- A Box of Memories
Date: Wednesday, December 05, 2007
- From: <neneithel @ aol.com>
- This was originally
posted at Steelewriting for the "Laura's Past"
challenge. Anyone is welcome to archive it, send it to interested
A Box of Memories
- Laura struggled out of the elevator
with the big box and was about to take
it into her office when Steele took it from her. "Let me."
he said, "What have
you got in here?"
- She frowned. "Nothing."
- "It weighs a lot more than
it used to when I had an abundance of it." he
replied, "On your desk?"
- "Thanks." she said.
- She followed him into the office.
When he'd put the box down she went and
put her hands on it. "Thanks." she said again.
"Everything okay?" he asked.
- "You wouldn't understand."
she said, fearing he would. She didn't feel she
- could take his sympathy on top of
- "Hm." he said, "If
you need me, you know where I am."
- As he headed for the door, she said,
"Wait. It's not you, okay?"
- He stopped and turned, "Good."
- "I just don't want ..."
her voice trailed away.
- "What?" he said.
- "It's easier alone." she
- "Not in my experience. If it
helps, I can pretend I'm not here."
- She smiled. He smiled back, a shy,
- "What's in the box?" he
- "Stuff, old stuff. After the
... after what happened, I asked the family for
any spare photos, bits, you know."
- "To replace what you lost in
- "Sentimental, aren't I?"
- "The word is human, I suspect."
- She looked at the box. "Only,
now I can't open it. I can't face it."
- "Would it help if I did?"
- She felt a sudden sense of rising
fear. There was no convenient box
containing his past and she wasn't sure she wanted him going
through hers. He was
watching her eyes and she wondered how clearly he could see what
- He put his hands in his pockets
and looked embarrassed. "Or maybe you'd
rather I left you in peace."
- "Open it." she said, "But
if I cry, don't ..."
- "Never." he said. He went
to the box and broke the tape with his keys. He
opened it carefully, almost reverently. He lifted out a framed
kid." he said.
- Laura took it. "I was seven
- "Still the same look in the
eye." he said.
- "What look?" she said,
looking at the photo.
- "The look of someone who doesn't
let life make all the rules."
- "Maybe that was your reflection
in the glass." she said.
- "Maybe we are reflections of
each other. Imperfect ones, anyway."
- Laura still looked at her younger
self. "Life was simpler then."
- "You were happy?"
- "Very." she said. She
looked at him in time to see a shadow of old pain
cross his face, "I'm sorry. If this brings back bad memories,
you don't need to
- "I was happy at seven too.
Lost it all a year later, but seven was a good
age." He looked into the box again, "Your mother made
a lovely bride."
- "Pity Dad didn't hang around."
- "His loss." said Steele,
handing her the wedding photo.
- "And mine." She put both
pictures onto the desk. "What else is there?"
- "An old lady with a gleam in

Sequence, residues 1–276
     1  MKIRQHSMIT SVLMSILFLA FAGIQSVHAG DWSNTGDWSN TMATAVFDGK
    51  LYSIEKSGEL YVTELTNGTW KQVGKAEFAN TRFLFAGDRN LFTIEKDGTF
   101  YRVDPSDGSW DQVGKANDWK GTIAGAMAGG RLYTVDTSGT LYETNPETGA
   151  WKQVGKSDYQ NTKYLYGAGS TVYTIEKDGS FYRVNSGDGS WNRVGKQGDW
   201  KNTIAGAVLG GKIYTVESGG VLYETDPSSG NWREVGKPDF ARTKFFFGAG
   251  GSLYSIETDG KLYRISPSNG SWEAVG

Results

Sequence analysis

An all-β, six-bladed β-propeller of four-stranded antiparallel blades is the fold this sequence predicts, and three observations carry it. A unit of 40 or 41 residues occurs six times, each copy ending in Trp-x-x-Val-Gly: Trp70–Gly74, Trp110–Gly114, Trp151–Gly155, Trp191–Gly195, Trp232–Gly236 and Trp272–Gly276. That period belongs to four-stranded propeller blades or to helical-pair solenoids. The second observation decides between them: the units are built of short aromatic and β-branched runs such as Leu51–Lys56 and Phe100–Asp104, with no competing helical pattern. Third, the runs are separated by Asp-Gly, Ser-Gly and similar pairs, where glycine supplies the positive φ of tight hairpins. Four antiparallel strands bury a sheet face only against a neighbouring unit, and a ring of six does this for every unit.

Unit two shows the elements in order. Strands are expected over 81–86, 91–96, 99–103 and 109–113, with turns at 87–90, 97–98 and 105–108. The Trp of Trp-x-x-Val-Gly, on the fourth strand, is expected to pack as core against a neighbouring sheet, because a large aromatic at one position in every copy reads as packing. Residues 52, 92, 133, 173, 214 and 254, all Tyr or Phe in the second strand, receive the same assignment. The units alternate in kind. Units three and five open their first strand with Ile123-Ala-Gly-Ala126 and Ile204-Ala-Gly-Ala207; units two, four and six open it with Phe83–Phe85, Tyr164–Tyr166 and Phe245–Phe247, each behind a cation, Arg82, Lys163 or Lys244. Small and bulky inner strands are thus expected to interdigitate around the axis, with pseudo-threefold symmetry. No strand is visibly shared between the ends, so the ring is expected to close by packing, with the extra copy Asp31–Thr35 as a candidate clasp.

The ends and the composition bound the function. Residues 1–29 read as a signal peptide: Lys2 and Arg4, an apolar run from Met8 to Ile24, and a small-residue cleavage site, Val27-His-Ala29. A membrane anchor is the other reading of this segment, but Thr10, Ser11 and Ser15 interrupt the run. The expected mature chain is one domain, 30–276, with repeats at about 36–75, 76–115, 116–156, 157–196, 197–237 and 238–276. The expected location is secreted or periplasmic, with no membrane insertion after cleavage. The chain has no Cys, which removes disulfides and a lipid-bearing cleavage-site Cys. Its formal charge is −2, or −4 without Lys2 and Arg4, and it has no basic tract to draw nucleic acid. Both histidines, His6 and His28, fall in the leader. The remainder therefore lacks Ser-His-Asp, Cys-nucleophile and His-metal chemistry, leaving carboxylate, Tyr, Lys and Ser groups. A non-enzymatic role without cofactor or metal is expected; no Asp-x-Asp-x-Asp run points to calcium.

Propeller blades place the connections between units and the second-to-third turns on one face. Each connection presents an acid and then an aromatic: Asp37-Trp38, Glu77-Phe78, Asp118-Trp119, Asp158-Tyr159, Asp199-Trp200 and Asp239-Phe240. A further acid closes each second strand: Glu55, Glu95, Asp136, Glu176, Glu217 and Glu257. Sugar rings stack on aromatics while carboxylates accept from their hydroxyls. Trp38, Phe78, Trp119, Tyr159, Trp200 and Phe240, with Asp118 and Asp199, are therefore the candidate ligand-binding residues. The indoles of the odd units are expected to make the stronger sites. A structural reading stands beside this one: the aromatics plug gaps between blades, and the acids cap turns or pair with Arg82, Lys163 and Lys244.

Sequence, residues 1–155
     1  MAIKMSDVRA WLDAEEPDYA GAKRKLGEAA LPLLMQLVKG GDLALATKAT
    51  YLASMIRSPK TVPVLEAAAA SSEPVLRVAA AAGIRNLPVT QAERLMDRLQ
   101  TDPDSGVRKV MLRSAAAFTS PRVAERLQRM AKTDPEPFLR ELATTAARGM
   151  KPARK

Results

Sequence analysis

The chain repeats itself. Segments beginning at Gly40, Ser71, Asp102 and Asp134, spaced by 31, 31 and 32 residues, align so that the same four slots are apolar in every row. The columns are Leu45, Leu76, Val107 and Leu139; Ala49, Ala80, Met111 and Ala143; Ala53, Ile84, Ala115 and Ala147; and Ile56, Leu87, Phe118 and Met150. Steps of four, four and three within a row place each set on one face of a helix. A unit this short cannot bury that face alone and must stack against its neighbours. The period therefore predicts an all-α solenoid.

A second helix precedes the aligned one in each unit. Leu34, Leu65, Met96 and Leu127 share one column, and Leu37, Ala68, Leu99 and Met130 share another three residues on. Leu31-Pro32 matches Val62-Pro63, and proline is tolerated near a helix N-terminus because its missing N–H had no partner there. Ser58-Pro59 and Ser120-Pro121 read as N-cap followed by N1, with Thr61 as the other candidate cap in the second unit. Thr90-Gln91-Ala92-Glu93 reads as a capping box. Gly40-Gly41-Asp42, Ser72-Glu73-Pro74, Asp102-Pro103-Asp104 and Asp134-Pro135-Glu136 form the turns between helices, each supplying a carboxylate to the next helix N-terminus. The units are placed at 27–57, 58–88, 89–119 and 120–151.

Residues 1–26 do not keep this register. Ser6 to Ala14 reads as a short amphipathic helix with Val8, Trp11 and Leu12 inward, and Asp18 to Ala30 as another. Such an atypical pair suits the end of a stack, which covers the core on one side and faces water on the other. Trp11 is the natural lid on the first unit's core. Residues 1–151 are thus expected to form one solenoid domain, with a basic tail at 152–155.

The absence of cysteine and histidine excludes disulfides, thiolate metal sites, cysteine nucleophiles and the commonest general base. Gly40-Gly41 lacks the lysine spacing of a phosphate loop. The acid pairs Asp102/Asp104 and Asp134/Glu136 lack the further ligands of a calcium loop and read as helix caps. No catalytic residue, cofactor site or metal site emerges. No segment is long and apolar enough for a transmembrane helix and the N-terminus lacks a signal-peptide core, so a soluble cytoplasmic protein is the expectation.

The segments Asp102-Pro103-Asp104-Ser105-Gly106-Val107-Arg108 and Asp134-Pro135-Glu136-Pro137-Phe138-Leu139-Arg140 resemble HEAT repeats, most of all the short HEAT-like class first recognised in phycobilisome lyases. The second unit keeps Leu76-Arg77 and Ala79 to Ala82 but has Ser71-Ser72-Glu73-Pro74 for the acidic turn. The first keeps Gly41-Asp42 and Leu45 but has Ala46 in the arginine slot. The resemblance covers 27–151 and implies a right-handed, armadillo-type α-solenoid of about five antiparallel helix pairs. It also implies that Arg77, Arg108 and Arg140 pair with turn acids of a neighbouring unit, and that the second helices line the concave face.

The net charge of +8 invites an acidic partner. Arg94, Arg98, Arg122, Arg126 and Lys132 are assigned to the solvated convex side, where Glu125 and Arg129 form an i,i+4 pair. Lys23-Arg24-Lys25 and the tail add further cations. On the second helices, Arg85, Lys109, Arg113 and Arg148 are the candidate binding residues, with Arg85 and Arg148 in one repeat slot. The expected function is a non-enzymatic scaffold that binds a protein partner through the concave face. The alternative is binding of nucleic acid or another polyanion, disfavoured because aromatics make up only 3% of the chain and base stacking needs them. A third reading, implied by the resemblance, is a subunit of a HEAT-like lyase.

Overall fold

her eye." he said, giving her an unframed
- "My grandmother." she
said. Her voice shook and she knew she was going to
cry. "I'm sorry, she ..."
- He wrapped his arms around her.
"She was a wonderful woman."
- "You didn't know her."
- "You loved her. You don't care
about people who aren't wonderful, though you
generously make an exception for one."
- "Not that I can think of."
- "She was like you, wasn't she?
Same look in the eyes, same spirit."
- She looked at him in surprise. "How
do you always know what to say?"
- "I never know what to say with
you. The old lines don't work. I find myself
resorting to the truth out of desperation."
- "You're a good friend, Mr Steele."
- She was worried he'd take that as
a brush off, but he smiled. "How do you
always know what to say?"
- They both looked at the box. Laura
said, "Go on."
- Steele went back to it and took
out another unframed picture. "I recognise
one of these fresh-faced teenagers." he said, "But
who's the one with his arm
- She took it from him and smiled
at her old school friends. "Marty." she said.
- "Marty?" said Steele,
"I wonder what prison he ended up in."
- "Prison, Mr Steele?"
- "His eyes are too close together."
- She laughed. "How can you be
jealous of a school photograph from a thousand
- "I'm jealous of anyone who's
ever looked at you like that." he said.
- "Note I'm not even looking
in his direction." she said, "Marty was not that
- "Good. I like him better now."
said Steele, "Nice chap. Honest face." He
watched her face for a moment.
- "What is it?" she said.
- "It's hard to imagine you a
teenager, wondering who liked you and agonising
over who to dance with at the prom."
- "I didn't do much agonising.
I didn't really expect to be asked."
- He looked flatteringly surprised
at her lack of confidence. "But you were."
- She smiled. "If I say yes,
will you be jealous of everyone I danced with,
- "Were they better than I am?"
- "I refuse to answer that on
the grounds that you're conceited enough." she
- She went to the box and took out
a pale green scarf. "I wore this at my
- "Which one?" he asked.
- "Not just that, I trust."
- "No. I lost the dress in the
- He put his hand on her shoulder.
- "I'm fine." she said,
"Or I will be fine. It's just seeing my whole life
turn to ash and now this box is reminding me of all the things
couldn't replace, all the things they never had copies of."
- "Laura, I wish I could give
you back your house and everything in it."
- She kissed his cheek. "You
gave me back the most important part of it."
- "A replacement, not the real
- "Two people in my life have
cared enough to give me a piano. When I play it,
I think of both of you." She lifted a small teddy bear out
of the box.
"Sandy." she said.
- "Well, at least Sandy escaped
- "He was my second favourite,
my favourite was destroyed." She started to
cry. "This is stupid!" she said.
- "It's not." said Steele,
stroking her hair.
- "My life went up in smoke and
I'm crying because of a bear. It should be the
photographs I lost, or the letters or the presents people gave
me or that
- "The bear is all of that. It's
what you clung to, when things went wrong."
- She struggled to overcome the tears
and said, "It happened once to me.
You've had to start from nothing a lot more often. What did you